Houston is a great place to be if you’re a musician, fan or venue owner. We have a thriving scene and more venues, festivals and bands than we’ve ever had. Best of all, Houston can boast that we are a city that loves live music. If you’re hammering away with your garage band and ready for a live gig, start here. Educate yourself on how to succeed. Every musical act begins with the same local-band venue routine, and few make it out alive.
Remember, there is an unspoken code of conduct for all participants. Break these rules, and consider yourself ostracized from the scene. If you’re a new band, take this stuff very seriously, so listen up.
Fans, let’s start with you...
1. GET OUT OF THE HOUSE
That’s right, your physical presence is the most important thing you can do to support local music. Bands are often paid (and invited back to a venue) based on how many warm bodies they can pull into a club. So, bring some friends, or make it a double-date night. It’s not enough to like the band on Facebook or follow it on Twitter. If no one shows up to a group's gigs, it can be a death knell.
2. YOU DO NOT BELONG ON THE GUEST LIST
Sure, you’ve been buddies with the band since high school, and have followed them for years. You call yourself a big fan, and that’s great. Just don’t put your favorite local band in the uncomfortable position of having to accommodate you on the guest list. Traditionally, the list is for distinguished guests — press and music executives if the band should be so lucky as to entertain their company — and not you. Plus, clubs frown on bands with extensive guest lists, because it’s an abuse of courtesy. Just don’t ask.
3. DON'T ASK FOR FREE SHIT
You do realize that the merchandise bands sell at gigs is an important source of their income, right? No one would walk into a gig and ask for the musicians' instruments…neither should you. If you really want to support a band, bring your wallet. Buy their shirt and their CD, and throw some money in their tip jar. This is their income, so support them.
4. BUILD A BAR TAB
Buy a round for your friends, and buy another for the band. Venues favor bands who help the bar make money. Be generous, and for everyone’s sake, take a cab home, please.
5. DON'T GET IN A FIGHT
Seriously, if a band draws rowdy crowds, it’s not an asset. This can put a venue in all kinds of legal turmoil should people decide to press charges and bring lawsuits. Most clubs have security and paid off-duty police officers to discourage this, but you can really hurt your band's chances of future bookings if club owners know said band's fans are prone to fighting. The best thing you can do is enjoy the show and come back to the next one.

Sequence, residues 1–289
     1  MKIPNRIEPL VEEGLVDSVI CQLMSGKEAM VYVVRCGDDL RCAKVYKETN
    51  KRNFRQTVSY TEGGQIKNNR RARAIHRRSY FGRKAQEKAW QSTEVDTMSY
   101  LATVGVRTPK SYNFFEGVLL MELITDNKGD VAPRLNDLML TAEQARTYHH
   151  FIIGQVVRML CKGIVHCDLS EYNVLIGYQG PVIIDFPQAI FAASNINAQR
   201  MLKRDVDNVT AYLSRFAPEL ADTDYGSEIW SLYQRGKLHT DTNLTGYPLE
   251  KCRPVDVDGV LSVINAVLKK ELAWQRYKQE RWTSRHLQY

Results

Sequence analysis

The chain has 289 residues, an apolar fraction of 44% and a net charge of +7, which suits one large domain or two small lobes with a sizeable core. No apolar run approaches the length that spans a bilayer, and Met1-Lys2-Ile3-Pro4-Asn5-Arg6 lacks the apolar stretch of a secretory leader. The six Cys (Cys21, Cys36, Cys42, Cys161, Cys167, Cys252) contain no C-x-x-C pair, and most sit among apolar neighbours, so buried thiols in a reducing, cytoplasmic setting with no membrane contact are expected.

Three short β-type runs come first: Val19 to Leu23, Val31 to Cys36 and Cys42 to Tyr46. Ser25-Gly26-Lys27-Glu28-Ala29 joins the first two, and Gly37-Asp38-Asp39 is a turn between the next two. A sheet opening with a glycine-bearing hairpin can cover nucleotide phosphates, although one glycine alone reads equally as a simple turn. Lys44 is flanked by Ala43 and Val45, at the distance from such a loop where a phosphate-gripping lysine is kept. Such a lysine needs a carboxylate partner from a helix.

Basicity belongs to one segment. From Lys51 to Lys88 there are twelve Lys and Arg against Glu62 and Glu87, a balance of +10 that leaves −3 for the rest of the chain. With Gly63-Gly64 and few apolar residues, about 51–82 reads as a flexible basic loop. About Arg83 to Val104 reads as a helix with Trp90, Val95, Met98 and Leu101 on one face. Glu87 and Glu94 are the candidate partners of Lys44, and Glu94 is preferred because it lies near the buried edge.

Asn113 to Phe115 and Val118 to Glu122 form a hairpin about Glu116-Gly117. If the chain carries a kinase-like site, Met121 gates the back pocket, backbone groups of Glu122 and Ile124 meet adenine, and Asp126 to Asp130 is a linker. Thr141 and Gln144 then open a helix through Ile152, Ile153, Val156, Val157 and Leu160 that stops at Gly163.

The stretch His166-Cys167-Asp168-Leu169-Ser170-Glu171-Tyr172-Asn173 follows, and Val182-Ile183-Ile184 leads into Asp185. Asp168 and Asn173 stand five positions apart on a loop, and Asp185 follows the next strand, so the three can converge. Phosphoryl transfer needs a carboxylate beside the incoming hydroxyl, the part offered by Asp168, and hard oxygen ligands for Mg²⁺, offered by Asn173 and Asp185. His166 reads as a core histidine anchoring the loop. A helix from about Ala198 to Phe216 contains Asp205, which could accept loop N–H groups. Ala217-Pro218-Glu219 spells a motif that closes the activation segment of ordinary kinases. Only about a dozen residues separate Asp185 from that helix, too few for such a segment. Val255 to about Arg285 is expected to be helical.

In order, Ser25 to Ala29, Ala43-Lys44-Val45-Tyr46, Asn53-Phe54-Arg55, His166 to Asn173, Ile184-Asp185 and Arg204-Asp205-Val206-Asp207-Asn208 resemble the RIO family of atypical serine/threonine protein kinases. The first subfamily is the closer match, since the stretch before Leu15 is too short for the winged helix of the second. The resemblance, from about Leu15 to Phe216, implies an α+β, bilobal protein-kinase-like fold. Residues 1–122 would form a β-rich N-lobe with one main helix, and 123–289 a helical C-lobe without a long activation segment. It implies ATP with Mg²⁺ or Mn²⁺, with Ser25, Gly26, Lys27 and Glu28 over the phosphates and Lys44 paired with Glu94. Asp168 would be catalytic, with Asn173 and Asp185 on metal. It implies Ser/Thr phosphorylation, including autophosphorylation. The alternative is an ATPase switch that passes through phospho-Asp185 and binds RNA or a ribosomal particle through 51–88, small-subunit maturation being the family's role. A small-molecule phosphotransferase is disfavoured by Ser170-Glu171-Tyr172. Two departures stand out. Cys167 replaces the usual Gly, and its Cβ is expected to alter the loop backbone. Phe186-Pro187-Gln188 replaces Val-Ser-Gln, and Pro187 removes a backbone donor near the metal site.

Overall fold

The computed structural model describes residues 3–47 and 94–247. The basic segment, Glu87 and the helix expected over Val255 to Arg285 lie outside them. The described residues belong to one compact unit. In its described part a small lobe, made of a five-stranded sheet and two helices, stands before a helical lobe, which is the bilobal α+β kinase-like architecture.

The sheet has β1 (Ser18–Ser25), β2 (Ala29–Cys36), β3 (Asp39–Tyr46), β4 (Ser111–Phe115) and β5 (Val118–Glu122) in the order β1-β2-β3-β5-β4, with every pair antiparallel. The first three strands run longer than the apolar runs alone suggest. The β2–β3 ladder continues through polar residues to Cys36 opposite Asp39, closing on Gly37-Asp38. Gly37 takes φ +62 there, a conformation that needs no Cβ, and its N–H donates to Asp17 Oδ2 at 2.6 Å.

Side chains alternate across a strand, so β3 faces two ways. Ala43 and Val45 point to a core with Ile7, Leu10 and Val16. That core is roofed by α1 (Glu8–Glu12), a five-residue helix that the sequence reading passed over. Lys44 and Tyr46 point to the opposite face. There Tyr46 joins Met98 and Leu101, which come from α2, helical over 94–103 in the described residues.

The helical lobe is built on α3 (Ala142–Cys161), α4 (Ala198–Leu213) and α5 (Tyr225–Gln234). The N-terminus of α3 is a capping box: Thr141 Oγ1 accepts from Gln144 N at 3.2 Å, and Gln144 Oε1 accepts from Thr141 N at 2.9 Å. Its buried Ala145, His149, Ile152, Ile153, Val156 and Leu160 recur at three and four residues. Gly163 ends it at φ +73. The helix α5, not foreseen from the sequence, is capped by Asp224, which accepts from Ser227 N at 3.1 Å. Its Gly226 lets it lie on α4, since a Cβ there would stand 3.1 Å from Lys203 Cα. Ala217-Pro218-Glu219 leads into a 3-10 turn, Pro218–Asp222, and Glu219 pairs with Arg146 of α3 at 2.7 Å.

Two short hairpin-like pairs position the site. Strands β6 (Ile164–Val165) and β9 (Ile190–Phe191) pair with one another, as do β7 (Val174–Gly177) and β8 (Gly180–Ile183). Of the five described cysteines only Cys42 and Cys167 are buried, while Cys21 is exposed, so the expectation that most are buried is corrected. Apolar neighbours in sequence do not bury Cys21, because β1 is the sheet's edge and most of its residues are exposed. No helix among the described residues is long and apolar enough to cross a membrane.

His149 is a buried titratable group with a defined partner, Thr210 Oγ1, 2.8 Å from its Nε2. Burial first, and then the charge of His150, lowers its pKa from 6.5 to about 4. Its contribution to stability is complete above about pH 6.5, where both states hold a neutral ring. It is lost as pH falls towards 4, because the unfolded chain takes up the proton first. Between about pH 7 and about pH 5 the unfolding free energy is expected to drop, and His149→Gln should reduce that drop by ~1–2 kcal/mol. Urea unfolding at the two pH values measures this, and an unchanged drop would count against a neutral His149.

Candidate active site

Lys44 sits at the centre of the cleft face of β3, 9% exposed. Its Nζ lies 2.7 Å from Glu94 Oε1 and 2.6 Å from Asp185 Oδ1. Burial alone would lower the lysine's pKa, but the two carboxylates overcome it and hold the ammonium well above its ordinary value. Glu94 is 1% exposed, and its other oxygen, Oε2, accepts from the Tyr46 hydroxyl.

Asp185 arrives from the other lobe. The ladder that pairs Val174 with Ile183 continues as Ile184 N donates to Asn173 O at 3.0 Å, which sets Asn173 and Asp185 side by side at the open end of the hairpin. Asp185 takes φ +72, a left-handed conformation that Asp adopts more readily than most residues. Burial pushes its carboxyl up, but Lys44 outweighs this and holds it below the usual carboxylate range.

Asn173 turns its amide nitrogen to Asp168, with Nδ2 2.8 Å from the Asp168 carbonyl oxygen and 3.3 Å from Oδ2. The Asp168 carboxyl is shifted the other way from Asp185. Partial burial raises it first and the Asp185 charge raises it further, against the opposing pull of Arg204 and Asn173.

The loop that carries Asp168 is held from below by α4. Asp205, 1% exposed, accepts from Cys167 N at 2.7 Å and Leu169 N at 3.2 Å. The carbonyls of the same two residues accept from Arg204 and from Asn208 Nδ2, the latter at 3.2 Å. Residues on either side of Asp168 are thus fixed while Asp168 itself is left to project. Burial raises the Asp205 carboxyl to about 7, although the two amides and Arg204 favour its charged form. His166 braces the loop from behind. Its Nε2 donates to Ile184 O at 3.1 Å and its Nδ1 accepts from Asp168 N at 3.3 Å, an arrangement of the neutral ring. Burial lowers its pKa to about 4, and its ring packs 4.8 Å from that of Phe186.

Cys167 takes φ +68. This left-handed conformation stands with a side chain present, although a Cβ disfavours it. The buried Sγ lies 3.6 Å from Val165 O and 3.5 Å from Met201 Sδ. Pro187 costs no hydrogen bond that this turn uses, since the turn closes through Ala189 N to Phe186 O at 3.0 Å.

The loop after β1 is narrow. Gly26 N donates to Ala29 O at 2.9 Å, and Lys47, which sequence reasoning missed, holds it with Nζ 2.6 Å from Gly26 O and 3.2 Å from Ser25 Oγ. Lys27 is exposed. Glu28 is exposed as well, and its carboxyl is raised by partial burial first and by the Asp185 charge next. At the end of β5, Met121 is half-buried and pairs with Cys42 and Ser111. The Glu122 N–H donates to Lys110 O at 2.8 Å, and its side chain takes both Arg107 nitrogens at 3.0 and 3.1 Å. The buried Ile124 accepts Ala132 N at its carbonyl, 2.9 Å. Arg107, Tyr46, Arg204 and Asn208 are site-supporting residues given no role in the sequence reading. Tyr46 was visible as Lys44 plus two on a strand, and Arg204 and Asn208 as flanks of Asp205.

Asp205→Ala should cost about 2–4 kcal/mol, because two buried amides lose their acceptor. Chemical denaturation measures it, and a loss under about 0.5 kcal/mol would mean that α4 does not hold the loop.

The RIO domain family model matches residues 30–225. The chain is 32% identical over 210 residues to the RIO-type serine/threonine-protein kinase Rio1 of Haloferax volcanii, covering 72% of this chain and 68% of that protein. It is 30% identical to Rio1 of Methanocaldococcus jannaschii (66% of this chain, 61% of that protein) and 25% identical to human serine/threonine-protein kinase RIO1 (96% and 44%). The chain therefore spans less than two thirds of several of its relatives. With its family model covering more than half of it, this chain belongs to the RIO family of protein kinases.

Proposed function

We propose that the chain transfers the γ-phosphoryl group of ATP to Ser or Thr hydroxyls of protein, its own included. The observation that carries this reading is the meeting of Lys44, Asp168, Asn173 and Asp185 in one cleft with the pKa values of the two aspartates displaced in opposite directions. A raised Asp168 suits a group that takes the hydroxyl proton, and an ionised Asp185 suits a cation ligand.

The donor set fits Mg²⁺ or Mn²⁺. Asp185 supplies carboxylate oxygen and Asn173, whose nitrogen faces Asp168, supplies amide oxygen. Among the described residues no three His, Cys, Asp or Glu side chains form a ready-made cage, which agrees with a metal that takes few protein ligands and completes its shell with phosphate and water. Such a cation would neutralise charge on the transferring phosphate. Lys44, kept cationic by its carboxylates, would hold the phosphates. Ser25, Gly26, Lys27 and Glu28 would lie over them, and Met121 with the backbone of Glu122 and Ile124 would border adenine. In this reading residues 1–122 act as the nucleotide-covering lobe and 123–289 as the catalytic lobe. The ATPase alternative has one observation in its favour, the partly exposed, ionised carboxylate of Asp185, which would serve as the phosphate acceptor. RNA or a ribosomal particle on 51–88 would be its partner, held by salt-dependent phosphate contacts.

Local bands, keep these in mind when playing a gig...
1. RESPECT YOUR ASSIGNED STAGE TIMES
If your band is so lucky as to convince a booking agent that you are worthy of playing a venue's stage, the very best you can do is to treat the gig as professionally as possible. That means respecting the time slots you’re assigned. If the stage manager gives you a load-in time, follow it. Be on time. Don’t ask for a change of time slot, especially if there are other bands to consider. Otherwise, you’ll not only cut into other bands’ time, but will hurt your own reputation with the club.
2. DON'T ASK FOR SLOT CHANGES
Now that you’re respecting the load-in times, respect the time slot. That means, don’t ask for a change — especially if this is your first gig. Unless you’re a touring band, you’re probably not going to headline your very first gig. That’s a ridiculous request, so understand your place and respect the professionals at the club.
This is your job, too. While the club provides advertisement, it’s your job to reach people who may not be reached by that publicity. This means you have to blow up your own social media, pass out flyers, meet people and talk about your band, invite people to your show, etc. You cannot rely on the club to do all the promoting, or you're guaranteed to play to an empty room. Remember, if you don’t draw a crowd at your first gig, you won’t be asked back. It's simple economics — if you don’t make the venue any money, you’re not worth their time.
4. YOUR MANAGER
Is probably annoying. If your manager is your significant other (or someone else's in the band), then that person is definitely very annoying. if your manager is a parent, it’s time to find a new one. (Manager, not parent.)
5. FREE STUFF FROM THE VENUE